In Superior, Nebraska: The Common-sense Values of America,'s Heartland Boyles focuses his observant eye on the American Midwest. In an interview with National Review writer Kathryn Jean Lopez, Boyles stated that the region has much to teach others. In towns like Superior, Nebraska, Boyles added, "people appreciate common-sense solutions and policies, things that reflect qualities like self-reliance, tenacity, and resiliency, because those are the qualities that made it possible to settle and survive on those hard plains in the first place. Those are also the qualities that most of us like to think describes the American character." A Kirkus Reviews contributor called Boyles a "good-natured guide" to this region and praised the book as an "amusing [and] instructive" examination of a place that many Americans do not adequately appreciate.

BIOGRAPHICAL AND CRITICAL SOURCES:

BOOKS

Boyles, Denis, with Alan Rose and Alan Wellikoff, The Modern Man's Guide to Life, Harper (New York, NY), 1987.

Boyles, Denis, Man Eaters Motel and Other Stops on the Railway to Nowhere: An East African Traveller's Nightbook, Including a Summary History of Zanzibar and an Account of the Slaughter at Tsavo: Together with a Sketch of Life in Nairobi and at Lake Victoria, a Brief and Worried Visit to the Ugandan Border, and a Survey of Angling in the Aberdares, photographs by Alan Rose, Ticknor & Fields (London, England), 1991.

Boyles, Denis, Vile France: Fear, Duplicity, Cowardice and Cheese, Encounter Books (San Francisco, CA), 2005.

PERIODICALS

Booklist, July 15, 1978, review of Maxine's Flattery of Denis Boyles, p. 1714; June, 1991, review of Man Eaters Motel and Other Stops on the Railway to Nowhere, p. 30; June 1, 1993, Gilbert Taylor, review of The Modern Man's Guide to Modern Women, p. 1742; September 15, 2007, Brendan Driscoll, review of Superior, Nebraska: The Common-sense Values of America's Heartland, p. 10.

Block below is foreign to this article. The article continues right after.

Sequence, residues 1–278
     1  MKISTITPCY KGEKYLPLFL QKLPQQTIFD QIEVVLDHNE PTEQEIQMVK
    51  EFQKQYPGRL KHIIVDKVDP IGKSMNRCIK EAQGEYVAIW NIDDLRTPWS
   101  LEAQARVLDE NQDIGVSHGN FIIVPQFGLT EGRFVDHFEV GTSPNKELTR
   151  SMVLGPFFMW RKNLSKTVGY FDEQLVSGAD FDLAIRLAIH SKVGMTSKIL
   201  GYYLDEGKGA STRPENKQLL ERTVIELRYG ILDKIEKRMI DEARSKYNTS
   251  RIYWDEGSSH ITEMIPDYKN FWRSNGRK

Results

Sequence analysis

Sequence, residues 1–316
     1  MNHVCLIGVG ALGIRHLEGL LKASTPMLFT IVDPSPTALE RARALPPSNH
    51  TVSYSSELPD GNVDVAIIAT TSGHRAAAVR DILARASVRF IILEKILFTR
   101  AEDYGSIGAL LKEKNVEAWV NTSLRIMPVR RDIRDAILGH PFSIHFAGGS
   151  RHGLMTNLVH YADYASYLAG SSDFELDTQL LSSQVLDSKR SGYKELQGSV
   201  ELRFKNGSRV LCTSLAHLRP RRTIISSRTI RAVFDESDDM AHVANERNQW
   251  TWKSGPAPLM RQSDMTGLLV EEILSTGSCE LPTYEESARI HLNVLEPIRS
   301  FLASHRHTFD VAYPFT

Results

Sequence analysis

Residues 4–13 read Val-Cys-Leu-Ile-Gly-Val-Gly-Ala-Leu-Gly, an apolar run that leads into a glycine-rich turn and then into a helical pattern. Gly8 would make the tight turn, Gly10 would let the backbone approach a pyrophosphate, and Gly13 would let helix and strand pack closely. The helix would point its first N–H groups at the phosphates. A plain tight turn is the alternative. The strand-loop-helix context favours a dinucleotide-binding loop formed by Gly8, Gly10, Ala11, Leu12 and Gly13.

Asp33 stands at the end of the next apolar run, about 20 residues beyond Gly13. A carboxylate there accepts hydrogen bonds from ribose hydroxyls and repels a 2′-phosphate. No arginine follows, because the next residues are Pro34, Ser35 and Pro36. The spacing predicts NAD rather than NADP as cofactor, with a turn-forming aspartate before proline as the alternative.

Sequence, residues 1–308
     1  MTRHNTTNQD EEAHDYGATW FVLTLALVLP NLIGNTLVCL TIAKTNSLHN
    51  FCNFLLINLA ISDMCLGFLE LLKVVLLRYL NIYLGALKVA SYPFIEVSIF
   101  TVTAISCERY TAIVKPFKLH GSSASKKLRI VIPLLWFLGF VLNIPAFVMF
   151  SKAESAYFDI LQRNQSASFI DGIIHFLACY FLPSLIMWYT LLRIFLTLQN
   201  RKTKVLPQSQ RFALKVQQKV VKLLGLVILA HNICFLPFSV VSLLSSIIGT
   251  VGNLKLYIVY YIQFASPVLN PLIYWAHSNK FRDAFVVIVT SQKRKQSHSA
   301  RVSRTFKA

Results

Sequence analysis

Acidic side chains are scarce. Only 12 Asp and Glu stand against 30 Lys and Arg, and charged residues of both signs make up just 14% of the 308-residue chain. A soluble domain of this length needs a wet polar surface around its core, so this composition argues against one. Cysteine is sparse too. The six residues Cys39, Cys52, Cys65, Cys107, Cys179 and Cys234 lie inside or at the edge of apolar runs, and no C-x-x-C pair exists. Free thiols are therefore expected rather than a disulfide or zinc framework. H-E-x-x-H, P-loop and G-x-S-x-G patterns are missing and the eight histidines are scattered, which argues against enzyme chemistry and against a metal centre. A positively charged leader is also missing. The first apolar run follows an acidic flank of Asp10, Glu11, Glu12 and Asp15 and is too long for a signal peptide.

Canadian Literature, summer, 1992, W.H. New, review of Man Eater's Motel, p. 214.

Christian Science Monitor, November 8, 1988, review of African Lives: White Lies, Tropical Truth, Darkest Gossip, and Rumblings of Rumor—From Chinese Gordon to Beryl Markham, and Beyond, p. 20.

Esquire, December, 1996, review of A Man's Life, p. 40.

Kirkus Reviews, May 1, 1991, review of Man Eaters Motel and Other Stops on the Railway to Nowhere, p. 574; August 1, 2007, review of Superior, Nebraska.

Library Journal, September 1, 1988, Michael Edmonds, review of African Lives, p. 164; June 15, 1991, Elizabeth DeMarco, review of Man Eaters Motel and Other Stops on the Railway to Nowhere, p. 94.

Los Angeles Times, November 22, 1987, review of The Modern Man's Guide to Life, p. 14.

New York Times Book Review, December 25, 1988, Maria Thomas, review of African Lives, p. 7; June 9, 1991, John Maxwell Hamilton, review of Man Eaters Motel and Other Stops on the Railway to Nowhere, p. 48.

Publishers Weekly, May 12, 1997, review of The Lost Lore of a Man's Life: Lots of Cool Stuff Guys Used to Know but Forgot about the Great Outdoors, p. 72; September 15, 1996, review of A Man's Life, p. 80; August 13, 2007, review of Superior, Nebraska, p. 56.

Reference & Research Book News, May, 2005, review of Vile France, p. 43.

San Francisco Review of Books, annual, 1991, review of Man Eaters Motel and Other Stops on the Railway to Nowhere, p. 24.

Virginia Quarterly Review, fall, 2005, Gerard Alexander, review of Vile France, p. 285.

Washington Post, January 15, 1988, David Streitfeld, review of The Modern Man's Guide to Life.

Washington Post Book World, November 29, 1987, review of The Modern Man's Guide to Life, p. 13; July 14, 1991, Judith Chettle, review of Man Eaters Motel and Other Stops on the Railway to Nowhere, p. 9.

ONLINE

Blog Critics,http://blogcritics.org/ (June 30, 2008), Damian Penny, review of Vile France.

Denis Boyles Home Page,http://www.denisboyles.com (June 30, 2008).

National Review Online, http://article.nationalreview.com/ (May 7, 2008), Kathryn Jean Lopez, "Q & A with Denis Boyles."